REASONS TO READ FAKING PERFECT
Tyler Flynn is fantastic. Forgive me for starting this “review” with Tyler Flynn, but bear with me for a moment here. This guy, Tyler Flynn, was seduced by Lexi Shaw for one and only one reason—to warm her bed. And I had absolutely no qualms about that, considering the sex was consensual and they were being safe. But here’s the deal: Tyler wasn’t supposed to fall in love with Lexi and vice versa. They were supposed to keep their relationship confined to the bedroom and even though Tyler knew of Lexi’s life-long infatuation with her friend Ben, he wasn’t supposed to mention that ever. You may think that Tyler is just another filler character (which was my assumption too) but you slowly discover something completely different. We don’t see Tyler as much as we want to, but he’s a major character alright. He was a constant source of confusion for Lexi, considering he had started to break her rules, and she was thinking of him a lot more. And in the scenes were he really was present, I loved everything about him. He may have been a bad boy but he was definitely the bad boy you want to see in YA.
Lexi Shaw is no typical YA heroine.There is a certain way that Lexi had about her, that made you want to sympathise as well as throttle the girl all the time. She was real and she was flawed, and that entailed to her making a lot of mistakes. But Lexi was the character who, to me, was the perfect personification of a girl whose actions would make me reconsider mine. High school is not easy, no matter where in the world you might be, and its been almost 4 years since I’ve graduated mine. But reading Lexi, her actions and the reasons behind them, and reading how everyone is helpless against certain circumstances, made me want to go back and correct many of my own actions. I was no bully, far from it, but I was passive high school. And Lexi, the way she was with her friends, made me regret turning a blind eye to a lot of things that I’d seen back then.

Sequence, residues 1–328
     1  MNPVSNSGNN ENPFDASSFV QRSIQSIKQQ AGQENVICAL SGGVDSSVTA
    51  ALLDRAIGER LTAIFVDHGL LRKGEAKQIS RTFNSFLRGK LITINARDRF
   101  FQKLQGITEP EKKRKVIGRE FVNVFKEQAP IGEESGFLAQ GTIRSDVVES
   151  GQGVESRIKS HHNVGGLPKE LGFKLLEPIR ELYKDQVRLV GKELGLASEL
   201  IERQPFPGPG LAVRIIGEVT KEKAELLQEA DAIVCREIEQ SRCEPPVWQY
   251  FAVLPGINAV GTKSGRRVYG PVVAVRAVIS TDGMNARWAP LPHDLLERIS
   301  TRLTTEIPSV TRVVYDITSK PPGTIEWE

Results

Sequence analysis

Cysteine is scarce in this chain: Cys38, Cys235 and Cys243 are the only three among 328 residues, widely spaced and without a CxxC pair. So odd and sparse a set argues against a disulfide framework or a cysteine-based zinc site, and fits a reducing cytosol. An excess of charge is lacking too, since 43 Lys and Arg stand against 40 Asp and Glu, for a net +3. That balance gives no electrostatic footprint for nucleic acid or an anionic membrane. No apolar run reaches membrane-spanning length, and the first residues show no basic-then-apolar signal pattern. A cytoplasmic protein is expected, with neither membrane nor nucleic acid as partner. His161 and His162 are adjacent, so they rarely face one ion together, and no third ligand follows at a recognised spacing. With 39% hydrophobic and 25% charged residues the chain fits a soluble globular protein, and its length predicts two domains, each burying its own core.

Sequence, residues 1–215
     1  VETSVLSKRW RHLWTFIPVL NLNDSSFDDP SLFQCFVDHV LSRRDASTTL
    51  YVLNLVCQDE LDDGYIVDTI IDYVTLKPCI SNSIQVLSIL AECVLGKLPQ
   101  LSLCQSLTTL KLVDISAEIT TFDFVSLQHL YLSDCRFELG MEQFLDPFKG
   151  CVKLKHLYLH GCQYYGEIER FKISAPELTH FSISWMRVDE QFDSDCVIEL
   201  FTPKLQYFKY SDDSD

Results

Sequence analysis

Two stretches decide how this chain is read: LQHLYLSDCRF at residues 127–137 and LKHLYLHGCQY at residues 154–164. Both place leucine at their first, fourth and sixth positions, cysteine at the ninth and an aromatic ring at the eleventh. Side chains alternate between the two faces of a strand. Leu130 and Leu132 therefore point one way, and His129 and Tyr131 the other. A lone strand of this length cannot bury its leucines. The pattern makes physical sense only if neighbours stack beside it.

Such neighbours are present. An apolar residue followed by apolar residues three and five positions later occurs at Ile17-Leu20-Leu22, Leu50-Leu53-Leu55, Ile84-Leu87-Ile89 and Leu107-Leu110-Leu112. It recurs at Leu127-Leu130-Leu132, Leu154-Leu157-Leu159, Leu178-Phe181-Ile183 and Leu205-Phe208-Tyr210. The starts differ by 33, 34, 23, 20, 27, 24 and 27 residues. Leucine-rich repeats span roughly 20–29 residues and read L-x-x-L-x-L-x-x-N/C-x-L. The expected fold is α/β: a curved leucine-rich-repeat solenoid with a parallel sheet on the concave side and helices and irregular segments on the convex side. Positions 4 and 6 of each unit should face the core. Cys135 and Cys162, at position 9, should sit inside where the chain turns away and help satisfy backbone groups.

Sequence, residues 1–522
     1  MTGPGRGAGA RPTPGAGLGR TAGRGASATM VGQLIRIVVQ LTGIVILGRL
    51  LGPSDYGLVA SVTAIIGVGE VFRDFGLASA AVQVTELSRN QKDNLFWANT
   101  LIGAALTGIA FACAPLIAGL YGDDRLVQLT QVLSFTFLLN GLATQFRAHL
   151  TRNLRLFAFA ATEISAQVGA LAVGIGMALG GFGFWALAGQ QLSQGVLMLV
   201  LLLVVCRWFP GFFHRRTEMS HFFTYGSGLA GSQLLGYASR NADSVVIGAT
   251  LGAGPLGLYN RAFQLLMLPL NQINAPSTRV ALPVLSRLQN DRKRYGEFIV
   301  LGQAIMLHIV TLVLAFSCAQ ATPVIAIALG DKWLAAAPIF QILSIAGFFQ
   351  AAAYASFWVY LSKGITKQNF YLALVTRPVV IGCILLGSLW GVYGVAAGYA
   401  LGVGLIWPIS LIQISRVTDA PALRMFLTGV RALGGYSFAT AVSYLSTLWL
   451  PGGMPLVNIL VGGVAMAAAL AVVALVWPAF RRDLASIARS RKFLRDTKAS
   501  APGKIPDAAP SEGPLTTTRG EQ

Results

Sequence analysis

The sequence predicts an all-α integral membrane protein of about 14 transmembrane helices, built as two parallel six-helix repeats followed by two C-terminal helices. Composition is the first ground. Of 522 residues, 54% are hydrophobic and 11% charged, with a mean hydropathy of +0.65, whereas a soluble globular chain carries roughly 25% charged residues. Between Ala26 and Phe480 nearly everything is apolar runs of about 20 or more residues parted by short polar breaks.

Parent-Child Relationships are often complicated. And we need to understand that. Lexi’s relationship with her mother was something I hadn’t expected. Sure, it was mentioned in the blurb that her mother was an alcoholic who “chased losers to pay the bill” but I wasn’t quite sure what that would mean for Lexi. But what I read in the book was equal parts horrifying and eye-opening. This isn’t the worst parent-child relationship I’ve read in a book, not even close, but it was kind of like watching a car wreck. You want to turn away and avoid the pain of the scene, but your eyes remain glued to the wreckage. Something like that. Every time Lexi and her mother had a conversation, it was pretty horrible to read, and I did consider skipping those pages, but in the end, I couldn’t turn away. The whole thing served as an eye-opener, like these things happen in families and there’s nothing you can do kind of a revelation.
Your friends are your biggest asset. And Faking Perfect proves that.Lexi’s friends were all over the place. Some were shallow and the others were judgemental and some were plain mental. But then she had other friends, true friends and I could only imagine how much Lexi needed her friends. Lexi’s father makes contact with her after almost 13 years, and she has to choose whether or not she wants to have him back in her life. And this is precisely where her friends came in. Without them, Lexi wouldn’t have been able to take the right decisions for her, and her friends stood by her through whatever choice that she would make. One of her friends in particular was accused of having ulterior motives by Lexi’s boyfriend and Lexi believed him, and that pissed me off. But what mattered most to me was what I learnt from this book? Friends are important. They support you and tease you and challenge you and take you higher than you ever could be, simply by being your friends.
Because I said so.
I WAS PROVIDED A FREE EARC OF THIS BOOK IN EXCHANGE OF AN HONEST REVIEW. THIS DID NOT IN ANY WAY, HOWEVER, INFLUENCE THE CONTENT OF THIS REVIEW.